BEST OF 2008

Profit Centers

Elizabeth Baker Keffer has turned around Atlantic Media's event division, sharpening its content-heavy programs and making them profitable.

By Danielle O'Steen November 24, 2008, 8:00 AM EST

Atlantic Live's Elizabeth Baker Keffer

Photo: Hector Emanuel for BizBash

Elizabeth Baker Keffer has had a busy year. Last December, she took over Atlantic Live—the event arm of Atlantic Media, parent of The Atlantic, Government Executive, and National Journal. She had already worked for owner David Bradley for 24 years, most recently as publisher at The Atlantic. Now she’s developing new event models, such as salon dinners that bring advertisers such as Allstate, GE, and Microsoft together with journalists, policy makers, and Atlantic editors on a particular topic. Along the way she’s increased revenue for Atlantic Live by 10 percent.

How have your years with the company set you up for this position?
What I’ve seen is the intense interest that clients, sponsors, and advertisers have in big ideas and in integrated programs that create more of a three-dimensional message. If done effectively, it can help us stand out from other companies.

How do your events contribute to the company?

Atlantic Live delivers added-value programs for advertisers, so we produce events that are earned through an integrated advertising platform. We’re contributing close to a quarter of the advertising revenue, and that’s well into the seven figures. We’ve moved from having a loss at Atlantic Live to a profit.

How do you increase brand awareness?
We think that Atlantic Live has had a major impact in promoting Atlantic’s name, since we always have our talent at the center. At the larger public events we get more media attention, like the Aspen Ideas Festival in June, where we had [Secretary of Homeland Security] Michael Chertoff interviewed by our national correspondent, Jeffrey Goldberg, in front of 1,000 people. It’s a way to give our talent and editorial a larger stage.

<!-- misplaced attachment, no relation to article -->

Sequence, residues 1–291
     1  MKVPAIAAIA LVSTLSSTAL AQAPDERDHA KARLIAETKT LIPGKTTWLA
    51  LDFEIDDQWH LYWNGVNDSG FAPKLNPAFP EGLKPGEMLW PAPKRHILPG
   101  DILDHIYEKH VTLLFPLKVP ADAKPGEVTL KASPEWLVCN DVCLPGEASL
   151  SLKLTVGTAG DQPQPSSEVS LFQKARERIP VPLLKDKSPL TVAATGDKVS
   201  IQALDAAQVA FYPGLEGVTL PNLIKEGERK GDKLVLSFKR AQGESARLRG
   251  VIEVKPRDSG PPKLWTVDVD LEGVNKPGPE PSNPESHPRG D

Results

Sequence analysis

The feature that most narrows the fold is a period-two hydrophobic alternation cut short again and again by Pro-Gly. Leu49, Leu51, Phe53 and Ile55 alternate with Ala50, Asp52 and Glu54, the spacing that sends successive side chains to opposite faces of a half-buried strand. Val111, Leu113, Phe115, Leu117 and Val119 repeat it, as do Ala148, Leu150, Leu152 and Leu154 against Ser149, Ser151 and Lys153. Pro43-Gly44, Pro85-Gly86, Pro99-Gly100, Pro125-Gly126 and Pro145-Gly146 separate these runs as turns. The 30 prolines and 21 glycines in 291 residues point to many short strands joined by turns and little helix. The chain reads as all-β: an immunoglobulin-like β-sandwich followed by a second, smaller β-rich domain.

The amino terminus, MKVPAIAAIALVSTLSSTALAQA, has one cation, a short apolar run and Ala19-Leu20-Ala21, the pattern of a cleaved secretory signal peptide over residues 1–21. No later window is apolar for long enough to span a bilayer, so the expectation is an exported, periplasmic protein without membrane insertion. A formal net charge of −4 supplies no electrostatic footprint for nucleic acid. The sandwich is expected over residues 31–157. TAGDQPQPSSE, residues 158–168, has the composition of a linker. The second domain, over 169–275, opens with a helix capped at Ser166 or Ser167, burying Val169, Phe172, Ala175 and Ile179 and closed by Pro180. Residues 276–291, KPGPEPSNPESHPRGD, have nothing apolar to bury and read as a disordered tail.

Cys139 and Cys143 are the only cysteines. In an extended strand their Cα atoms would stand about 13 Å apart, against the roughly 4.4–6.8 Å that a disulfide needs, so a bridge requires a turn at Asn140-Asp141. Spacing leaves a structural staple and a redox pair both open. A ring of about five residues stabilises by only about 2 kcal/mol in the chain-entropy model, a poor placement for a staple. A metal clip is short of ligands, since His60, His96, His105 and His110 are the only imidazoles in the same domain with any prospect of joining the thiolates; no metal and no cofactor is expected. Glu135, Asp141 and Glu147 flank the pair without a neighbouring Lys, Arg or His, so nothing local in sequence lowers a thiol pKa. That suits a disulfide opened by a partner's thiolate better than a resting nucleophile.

The smaller events that we’re getting well known for are the salon dinners [for 20 to 25]. It’s hard for us to promote those, because they’re by and large off the record. But there is always such a highly influential audience that attends that we feel like, even in a small circle, we’re reaching important people and increasing our exposure.

What has been the response to the salons from sponsors and advertisers?
A senior-level client will usually get the fact that there are some audiences that are hard to reach. But if you can create an experience that is unique and content-rich, it’s attractive to that audience. They immediately get that being a part of Atlantic is a way to be subtle about their outreach and about building very strong relationships. We also don’t want to take on dozens of partners, because we think part of the beauty of this is the feeling of exclusivity. We’d rather work with the same partners on multiple events across a several-year stretch, because we think that’s the right way to have an impact, since the dinners touch so few people at the same time.

Which Atlantic events from 2008 would you consider most successful?
At the Aspen Ideas Festival, which is our signature event, we had a record 11 sponsors. We also did a lot more this year to integrate them, ranging from Chevron’s pedicabs to Intel’s Segway scooters. The other event that comes to mind is the 100-person State of the Union viewing dinner, which we held in January at the Plaza hotel in New York before it reopened, with our correspondent Jim Fallows there to lead the conversation.

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